Jack McCollough and Lazaro Hernandez are hot off back-to-back triumphs on the runway for Proenza Schouler and they’re proving, season to season, to be masters of the fashion about-face. In their ten years of business they’ve stockpiled a number of signature pieces, but they never make the same collection twice. Travel. Trips. This is the connecting thread in the latest Proenza Schouler outings, this pre-fall collection to be counted among those. A trip to New Mexico cued the tribal and crafty mastery of their spring 2011 line-up, which won them the coveted CFDA Award for Womenswear of the Year for a second time, while their fall show was laden in 1950s futuristic roadside architecture. For pre-fall their sartorial GPS, if you will, honed in on the Himalayas for a collection driven by new essential sportswear pieces and the outerwear of tomorrow.
McCollough and Hernandez managed to do the unthinkable – they played with layering, but took out all the fuss and torment. It’s a fashion riddle that evades everyone. Good, standout pieces in people’s wardrobes get lost under the necessity of a – more often than not – drab parka or quilted jacket. But the Proenza Schouler guys make that qualm a thing of the past, turning modern, ultra-sports cut parkas and imbuing them in an emerald tweed. The answer lay in the repurposing of traditional outerwear materials like nylon and down quilt into the tops, skirts and dresses of the collection, and inversely, taking the staple textiles of sportswear onto outerwear pieces that don’t compromise aesthetics for utility.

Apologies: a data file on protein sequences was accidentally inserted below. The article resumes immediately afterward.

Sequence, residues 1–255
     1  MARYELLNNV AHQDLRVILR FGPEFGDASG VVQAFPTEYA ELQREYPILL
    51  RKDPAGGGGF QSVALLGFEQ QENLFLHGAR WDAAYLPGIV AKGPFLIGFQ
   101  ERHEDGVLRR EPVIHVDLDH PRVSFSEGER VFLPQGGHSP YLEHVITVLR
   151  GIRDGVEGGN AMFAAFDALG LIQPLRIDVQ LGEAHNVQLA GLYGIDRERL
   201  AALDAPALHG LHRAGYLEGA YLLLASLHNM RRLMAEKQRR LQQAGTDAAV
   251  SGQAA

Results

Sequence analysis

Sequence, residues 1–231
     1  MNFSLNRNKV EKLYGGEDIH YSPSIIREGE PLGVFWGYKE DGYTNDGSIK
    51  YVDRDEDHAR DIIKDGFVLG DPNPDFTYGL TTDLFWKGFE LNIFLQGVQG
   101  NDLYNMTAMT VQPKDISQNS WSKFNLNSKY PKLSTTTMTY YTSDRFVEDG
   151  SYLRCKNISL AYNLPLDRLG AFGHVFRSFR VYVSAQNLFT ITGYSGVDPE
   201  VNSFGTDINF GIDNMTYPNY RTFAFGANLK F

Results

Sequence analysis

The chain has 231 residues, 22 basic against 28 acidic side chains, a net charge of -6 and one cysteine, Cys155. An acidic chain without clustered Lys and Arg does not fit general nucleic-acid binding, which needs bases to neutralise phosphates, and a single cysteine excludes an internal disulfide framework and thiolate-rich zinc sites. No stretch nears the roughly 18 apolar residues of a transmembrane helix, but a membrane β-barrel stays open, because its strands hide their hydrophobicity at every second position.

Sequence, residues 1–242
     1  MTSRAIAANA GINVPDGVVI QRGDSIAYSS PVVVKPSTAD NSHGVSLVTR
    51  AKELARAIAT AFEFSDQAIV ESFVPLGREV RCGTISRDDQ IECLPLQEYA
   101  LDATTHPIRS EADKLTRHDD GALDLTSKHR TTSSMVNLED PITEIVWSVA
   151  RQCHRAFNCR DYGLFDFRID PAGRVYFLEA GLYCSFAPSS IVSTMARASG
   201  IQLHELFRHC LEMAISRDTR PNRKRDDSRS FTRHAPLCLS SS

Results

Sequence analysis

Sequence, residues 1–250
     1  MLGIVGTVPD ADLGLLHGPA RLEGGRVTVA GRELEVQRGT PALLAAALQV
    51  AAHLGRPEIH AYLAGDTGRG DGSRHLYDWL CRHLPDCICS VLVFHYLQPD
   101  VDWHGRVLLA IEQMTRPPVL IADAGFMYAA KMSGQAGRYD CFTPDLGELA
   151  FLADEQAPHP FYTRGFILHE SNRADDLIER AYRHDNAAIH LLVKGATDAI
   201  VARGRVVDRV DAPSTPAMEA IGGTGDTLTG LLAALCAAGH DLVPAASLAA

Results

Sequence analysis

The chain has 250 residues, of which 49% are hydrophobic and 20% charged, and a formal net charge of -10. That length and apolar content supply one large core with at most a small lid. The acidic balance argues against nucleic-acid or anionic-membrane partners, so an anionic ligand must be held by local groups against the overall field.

Some of highlights included the day tops and shirt-dresses that looked repurposed from nylon windbreakers, as well as a terrifically chic A-line frock that looked refashioned from a quilted jacket. Oh, and those seemingly textured pieces that almost look like wrinkled foil under blue and green lenses, are actually arial views of mountains the duo ripped from Google Earth. This latest will surely have the fashion ‘it’ girls everywhere succumbing once again to McCollough’s and Hernandez’s chic and nerdy vision.